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Roberta Jean Champlin appealed an order of the United States Court of Federal Claims dismissing for lack of subject matter jurisdiction her claim that the United States must pay damages for failure to pay life insurance proceeds from her deceased ex-husband’s Federal Employees Group Life Insurance policy.
IN Roberta Jean Champlin v. United Statesno. 2022-1402, United States Court of Appeals, Federal Circuit (April 10, 2023) Ms. Champlin sought payment of a Federal Employees’ Group Life Insurance (FEGLI) policy after his ex-husband died because her divorce decree granted her one-half ownership in the policy.
The Federal Employees’ Group Life Insurance Act (FEGLIA) establishes a group life insurance program for federal employees. The United States Office of Personnel Management (OPM) is responsible for administering FEGLI policies and has contracted with Metropolitan Life Insurance Company (MetLife) to provide insurance to federal employees.
FEGLI proceeds shall be paid in the following order of priority: (1) designated beneficiaries; (2) widowed husband; (3) children or descendants; (4) parents of deceased; (5) executor or executor; and (6) relatives.
The preference order may be overridden “if and to the extent expressly provided in the terms of a court order of divorce, annulment or legal separation” but only if that order or decree “is received . . . before the date of the death of the covered employee, by the employment agency or, if the employee has separated from the service, of [OPM].” When these circumstances are met, the revenue “shall be paid (in whole or in part) by [OPM]” to the person entitled to the proceeds according to the court order.
Facts & procedural background
Lewis Dean Champlin had life insurance during and after his marriage to Ms. Champlin through a FEGLI policy. In September 2012, the Champlins divorced. As part of their divorce proceedings, Ms. Champlin an award from the Alaska Divorce Court.[ed Ms. Champlin] the option to continue to retain a half interest in that policy. . . [while Mr. Champlin] have[d] the ability to pay the other half of the insurance and c[ould] appoint whoever he chooses to be the beneficiary of the other half of the insurance benefits.” Ms. Champlin paid for half of the insurance thereafter.
On January 3, 2016, Champlin died. Ms. Champlin did not receive half of the proceeds from his life insurance policy. Instead, the proceeds were paid to Mr. Champlin’s designated beneficiary at the time of his death – Marilyn Susano.
Champlin sued the United States in the Court of Federal Claims, claiming that she is entitled to half of Champlin’s issued life insurance coverage and further sought a judgment directing the United States to pay her half of the FEGLI proceeds, along with costs and attorneys’ fees. Unfortunately for Ms. Champlin, the complaint failed to allege a statutory or judicial basis for jurisdiction for her claim.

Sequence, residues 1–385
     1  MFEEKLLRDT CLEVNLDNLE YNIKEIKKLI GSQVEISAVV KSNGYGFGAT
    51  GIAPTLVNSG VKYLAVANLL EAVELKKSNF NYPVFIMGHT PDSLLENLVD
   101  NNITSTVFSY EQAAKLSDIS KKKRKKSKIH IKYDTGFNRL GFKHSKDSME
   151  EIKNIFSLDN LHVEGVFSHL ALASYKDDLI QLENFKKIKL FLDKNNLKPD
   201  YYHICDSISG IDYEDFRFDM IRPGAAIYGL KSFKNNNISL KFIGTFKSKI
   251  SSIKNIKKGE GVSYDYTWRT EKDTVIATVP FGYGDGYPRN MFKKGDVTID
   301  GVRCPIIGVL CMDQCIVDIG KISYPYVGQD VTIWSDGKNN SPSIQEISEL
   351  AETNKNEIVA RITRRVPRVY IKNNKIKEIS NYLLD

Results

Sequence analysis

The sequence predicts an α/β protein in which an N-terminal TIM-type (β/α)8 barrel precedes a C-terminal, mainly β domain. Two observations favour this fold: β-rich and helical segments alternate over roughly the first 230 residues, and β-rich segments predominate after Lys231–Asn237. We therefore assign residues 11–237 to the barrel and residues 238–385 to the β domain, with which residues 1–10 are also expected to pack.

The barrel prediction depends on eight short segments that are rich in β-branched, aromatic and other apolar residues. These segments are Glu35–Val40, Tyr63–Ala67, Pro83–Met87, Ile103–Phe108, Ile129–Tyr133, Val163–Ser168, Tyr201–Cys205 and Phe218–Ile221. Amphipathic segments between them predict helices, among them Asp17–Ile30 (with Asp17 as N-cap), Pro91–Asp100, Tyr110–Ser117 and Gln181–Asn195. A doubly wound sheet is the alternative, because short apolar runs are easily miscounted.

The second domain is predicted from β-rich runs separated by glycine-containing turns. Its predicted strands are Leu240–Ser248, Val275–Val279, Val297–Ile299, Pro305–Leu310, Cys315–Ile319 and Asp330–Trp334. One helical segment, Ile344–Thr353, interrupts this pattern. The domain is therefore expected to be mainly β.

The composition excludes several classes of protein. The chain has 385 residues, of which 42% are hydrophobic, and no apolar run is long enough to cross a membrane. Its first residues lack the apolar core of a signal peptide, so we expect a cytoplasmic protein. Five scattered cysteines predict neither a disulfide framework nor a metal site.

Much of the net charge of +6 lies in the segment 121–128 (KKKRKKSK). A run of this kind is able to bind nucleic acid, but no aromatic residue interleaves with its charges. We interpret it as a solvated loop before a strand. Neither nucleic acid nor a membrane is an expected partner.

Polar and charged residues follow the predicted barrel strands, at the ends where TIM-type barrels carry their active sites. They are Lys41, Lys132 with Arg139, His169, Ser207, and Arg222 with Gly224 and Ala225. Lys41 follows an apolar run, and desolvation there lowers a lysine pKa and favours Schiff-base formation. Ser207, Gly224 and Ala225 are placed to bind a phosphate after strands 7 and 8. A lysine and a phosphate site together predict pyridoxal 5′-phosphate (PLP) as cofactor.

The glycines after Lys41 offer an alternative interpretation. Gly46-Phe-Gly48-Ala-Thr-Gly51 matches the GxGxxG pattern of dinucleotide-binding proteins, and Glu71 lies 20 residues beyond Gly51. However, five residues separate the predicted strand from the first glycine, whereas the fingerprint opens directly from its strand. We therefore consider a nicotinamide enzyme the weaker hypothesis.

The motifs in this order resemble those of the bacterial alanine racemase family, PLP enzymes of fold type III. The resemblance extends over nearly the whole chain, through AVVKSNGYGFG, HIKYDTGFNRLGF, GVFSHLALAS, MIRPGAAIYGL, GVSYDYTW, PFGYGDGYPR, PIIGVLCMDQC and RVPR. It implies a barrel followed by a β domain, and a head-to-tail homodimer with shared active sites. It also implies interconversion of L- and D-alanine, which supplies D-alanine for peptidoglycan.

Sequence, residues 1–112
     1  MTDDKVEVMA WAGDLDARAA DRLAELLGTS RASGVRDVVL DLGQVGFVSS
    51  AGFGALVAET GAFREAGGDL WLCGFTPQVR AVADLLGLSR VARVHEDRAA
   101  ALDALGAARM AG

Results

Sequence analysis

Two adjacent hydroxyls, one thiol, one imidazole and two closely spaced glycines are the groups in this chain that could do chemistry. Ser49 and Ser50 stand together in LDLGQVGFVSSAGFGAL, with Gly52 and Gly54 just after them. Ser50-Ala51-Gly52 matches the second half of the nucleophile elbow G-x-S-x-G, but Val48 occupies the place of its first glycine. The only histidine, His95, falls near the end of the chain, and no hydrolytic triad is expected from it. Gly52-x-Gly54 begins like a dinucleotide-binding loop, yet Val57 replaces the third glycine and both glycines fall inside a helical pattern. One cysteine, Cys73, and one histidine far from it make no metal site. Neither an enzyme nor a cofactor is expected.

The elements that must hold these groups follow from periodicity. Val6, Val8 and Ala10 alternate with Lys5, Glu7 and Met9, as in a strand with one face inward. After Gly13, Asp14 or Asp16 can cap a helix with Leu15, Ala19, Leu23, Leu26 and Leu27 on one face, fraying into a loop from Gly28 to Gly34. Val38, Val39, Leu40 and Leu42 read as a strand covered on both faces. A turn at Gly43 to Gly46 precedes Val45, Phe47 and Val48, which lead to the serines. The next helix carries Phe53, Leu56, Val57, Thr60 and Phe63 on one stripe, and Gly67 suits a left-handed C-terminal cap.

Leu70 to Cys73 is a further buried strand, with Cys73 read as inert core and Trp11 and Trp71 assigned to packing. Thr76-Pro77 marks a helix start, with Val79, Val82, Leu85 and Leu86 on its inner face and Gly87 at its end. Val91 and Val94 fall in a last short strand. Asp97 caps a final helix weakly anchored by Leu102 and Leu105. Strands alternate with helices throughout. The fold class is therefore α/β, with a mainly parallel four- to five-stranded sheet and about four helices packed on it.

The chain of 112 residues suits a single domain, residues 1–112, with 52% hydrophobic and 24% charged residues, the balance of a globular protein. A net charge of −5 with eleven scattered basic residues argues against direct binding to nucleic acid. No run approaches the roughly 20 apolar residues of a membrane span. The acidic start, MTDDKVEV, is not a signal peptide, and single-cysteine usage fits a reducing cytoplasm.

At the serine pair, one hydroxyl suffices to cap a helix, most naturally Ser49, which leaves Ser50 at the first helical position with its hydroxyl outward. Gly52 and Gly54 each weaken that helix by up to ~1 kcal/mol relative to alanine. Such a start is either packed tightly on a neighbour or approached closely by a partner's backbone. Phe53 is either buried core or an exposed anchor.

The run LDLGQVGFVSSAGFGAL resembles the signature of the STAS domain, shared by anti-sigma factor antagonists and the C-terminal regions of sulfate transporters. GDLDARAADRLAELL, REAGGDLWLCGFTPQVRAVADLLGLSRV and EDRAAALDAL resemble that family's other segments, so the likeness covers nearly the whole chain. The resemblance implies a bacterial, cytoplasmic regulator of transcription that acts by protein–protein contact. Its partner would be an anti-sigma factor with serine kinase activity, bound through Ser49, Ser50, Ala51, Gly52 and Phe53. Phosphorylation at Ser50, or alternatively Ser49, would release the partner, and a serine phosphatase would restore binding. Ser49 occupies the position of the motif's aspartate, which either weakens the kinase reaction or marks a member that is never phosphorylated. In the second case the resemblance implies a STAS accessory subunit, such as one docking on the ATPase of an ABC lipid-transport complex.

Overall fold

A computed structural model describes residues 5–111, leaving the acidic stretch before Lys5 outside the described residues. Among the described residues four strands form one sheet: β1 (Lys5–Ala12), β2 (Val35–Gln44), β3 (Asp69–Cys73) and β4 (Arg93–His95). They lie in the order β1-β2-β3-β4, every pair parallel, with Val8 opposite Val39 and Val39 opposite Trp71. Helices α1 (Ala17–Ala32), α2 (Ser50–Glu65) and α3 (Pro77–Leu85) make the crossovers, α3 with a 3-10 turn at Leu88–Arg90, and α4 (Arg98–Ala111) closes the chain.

The government moved to dismiss Champlin’s claim for lack of subject matter jurisdiction on the grounds that FEGLI-related claims cannot be brought against the United States because the government has not waived its sovereign immunity for such claims.
OPM authorized MetLife to provide life insurance and MetLife established an administrative office responsible for administering FEGLI claims. The Court of Federal Claims noted that it found that Ms. Champlin’s complaint did not allege breach of a statutory duty, only a claim to obtain money under the FEGLI policy.
The Court of Federal Claims’ decision that it lacked subject matter jurisdiction over Ms. Champlin’s claim for life insurance proceeds from Mr. Champlin’s FEGLI policy was correct.
The Federal Circuit concluded that the Court of Federal Claims is a court of specific jurisdiction and can only resolve those claims for which the United States has waived sovereign immunity.
The government’s obligations under the statute are limited to contracting with and managing private insurance companies that issue FEGLIA-compliant insurance to federal employees, and to implementing regulations to support FEGLIA’s statutory mandate.”
Because the United States’ obligations under FEGLIA and relevant regulations do not extend to claims for proceeds payable under a FEGLI policy, Ms. Champlin failed to establish that the United States breached any duty when the insurance proceeds were allegedly due.
Ms. Champlin sought money she believes is due to her under the policy because she complied with the divorce court’s order. The fact that the policy had already been paid to another beneficiary before Champlin became aware of his alleged injury had no effect on the application of the statute. The Court affirmed the Court of Federal Claims’ dismissal for lack of jurisdiction.
Champlin sued the wrong party. The United States had no obligation under the FIGLIA statute and did not waive its sovereign immunity. She could have sued MetLife but didn’t. Alaska’s court order could not compel the US to do anything and if anything her case is against her ex-husband’s estate for not complying with the Alaska order making her a designated beneficiary. The payment was made to a designated beneficiary so MetLife did what it was required to do. A person can only sue the government if it waives its sovereign immunity. Since it didn’t, she didn’t have a case.
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Barry Zalma, Esq., CFE, now limits his practice to serving as an insurance consultant specializing in insurance coverage, insurance claims management, insurance bad faith and insurance fraud almost equally for insurers and policyholders. He practiced law in California for more than 44 years as an insurance coverage and claims attorney and more than 54 years in the insurance industry. He can be reached at http://www.zalma.com and email@example.com
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